Russia and Estonia on Monday were expelling the ambassadors from each other’s countries in a tit-for-tat move, saying that their diplomatic missions will be headed by charges d’affaires as relations between the countries sank to a new low over Ukraine.
In a show of solidarity with its Baltic neighbour, Latvia announced that it would also downgrade diplomatic relations with Moscow as of February 24, the date which marks the one-year anniversary of Russia’s war in Ukraine.
The Russian Foreign Ministry summoned Estonian Ambassador Margus Laidre and ordered him to leave the country by February 7, the first time it has expelled an ambassador of a European Union country since the invasion of Ukraine began.
The statement issued by the ministry said that Estonia’s diplomatic representation from now on will be downgraded to a charge d’affaires that heads the EU country’s mission in Moscow.
“The Estonian leadership has purposefully destroyed the entire range of relations with Russia,” said the ministry, citing the Baltic nation’s “total Russophobia” following Tallinn’s recent decision to drastically reduce staff levels at the Russian embassy.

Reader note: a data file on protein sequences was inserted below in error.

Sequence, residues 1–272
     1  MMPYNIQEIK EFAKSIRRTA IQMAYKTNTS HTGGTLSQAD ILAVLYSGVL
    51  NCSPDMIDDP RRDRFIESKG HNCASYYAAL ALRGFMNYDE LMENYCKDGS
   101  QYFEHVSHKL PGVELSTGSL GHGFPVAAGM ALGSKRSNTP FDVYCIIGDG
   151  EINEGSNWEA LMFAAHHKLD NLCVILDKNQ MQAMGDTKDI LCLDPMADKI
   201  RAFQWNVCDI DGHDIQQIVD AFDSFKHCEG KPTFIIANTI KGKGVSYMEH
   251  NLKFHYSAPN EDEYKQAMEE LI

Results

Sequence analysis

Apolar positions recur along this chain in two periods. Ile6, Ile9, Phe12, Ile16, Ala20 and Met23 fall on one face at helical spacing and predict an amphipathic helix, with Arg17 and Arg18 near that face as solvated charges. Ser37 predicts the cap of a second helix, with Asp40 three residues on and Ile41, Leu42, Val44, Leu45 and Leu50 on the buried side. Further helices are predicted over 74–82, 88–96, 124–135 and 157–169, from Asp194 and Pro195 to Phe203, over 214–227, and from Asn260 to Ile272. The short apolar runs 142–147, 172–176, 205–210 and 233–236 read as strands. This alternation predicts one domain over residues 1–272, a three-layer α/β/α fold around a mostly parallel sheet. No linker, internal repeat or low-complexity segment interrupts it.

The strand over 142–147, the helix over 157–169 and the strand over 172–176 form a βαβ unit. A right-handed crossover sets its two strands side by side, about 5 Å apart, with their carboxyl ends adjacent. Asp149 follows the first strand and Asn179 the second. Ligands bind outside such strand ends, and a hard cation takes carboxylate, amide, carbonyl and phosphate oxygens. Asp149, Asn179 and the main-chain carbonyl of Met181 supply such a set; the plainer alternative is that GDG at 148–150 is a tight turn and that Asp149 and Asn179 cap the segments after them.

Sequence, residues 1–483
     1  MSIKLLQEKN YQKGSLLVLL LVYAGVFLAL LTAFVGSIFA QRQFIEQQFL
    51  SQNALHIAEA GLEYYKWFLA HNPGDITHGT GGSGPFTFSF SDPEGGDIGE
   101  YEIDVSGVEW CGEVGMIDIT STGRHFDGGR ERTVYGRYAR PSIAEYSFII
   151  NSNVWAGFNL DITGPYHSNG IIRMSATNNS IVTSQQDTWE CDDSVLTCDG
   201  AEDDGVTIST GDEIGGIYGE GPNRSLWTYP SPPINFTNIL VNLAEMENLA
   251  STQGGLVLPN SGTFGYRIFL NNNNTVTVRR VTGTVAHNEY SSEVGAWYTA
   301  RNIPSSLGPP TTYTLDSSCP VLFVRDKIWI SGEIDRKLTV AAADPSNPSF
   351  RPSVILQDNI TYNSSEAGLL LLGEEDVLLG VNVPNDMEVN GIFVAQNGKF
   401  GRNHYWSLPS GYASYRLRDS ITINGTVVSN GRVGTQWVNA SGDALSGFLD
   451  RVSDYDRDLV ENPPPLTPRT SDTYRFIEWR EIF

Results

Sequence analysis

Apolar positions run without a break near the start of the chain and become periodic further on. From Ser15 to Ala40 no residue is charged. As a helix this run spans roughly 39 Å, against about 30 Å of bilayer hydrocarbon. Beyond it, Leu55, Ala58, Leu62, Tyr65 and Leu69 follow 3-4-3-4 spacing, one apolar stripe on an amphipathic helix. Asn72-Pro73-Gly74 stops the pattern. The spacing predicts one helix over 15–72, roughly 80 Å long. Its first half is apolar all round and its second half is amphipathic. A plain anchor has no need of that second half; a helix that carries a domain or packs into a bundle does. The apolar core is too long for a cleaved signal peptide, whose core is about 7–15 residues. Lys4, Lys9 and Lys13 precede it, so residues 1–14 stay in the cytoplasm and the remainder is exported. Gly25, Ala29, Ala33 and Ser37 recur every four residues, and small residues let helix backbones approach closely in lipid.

The move was made in retaliation for Estonia’s “new unfriendly step”, the ministry added.
In response, Estonian Foreign Minister Urmas Reinsalu said that the Russian ambassador will leave, in accordance with “the principle of parity”.
#Estonia takes note of today’s decision by Russia to reduce diplomatic presence to the level of chargé d’affaires.
We stand by the principle of parity in relations with Russia, which means that the Russian Amb. will leave at the same time as the Estonian Amb. to Russia.
— Estonian MFA 🇪🇪 | 🌻 #StandWithUkraine (@MFAestonia) January 23, 2023
In a January 11 statement, Reinsalu outlined plans to ease relations with Russia “to the absolute minimum”.
Estonia is a staunch ally of Ukraine and has called for Western countries to send tanks to Kyiv to counter Moscow’s offensive. In October, its parliament adopted a statement declaring Russia a “terrorist regime”.
The Baltic country was once part of the Soviet Union and has had difficult relations with Russia for years.
Russia ordered the closure of Tallinn’s consulate in St Petersburg in April.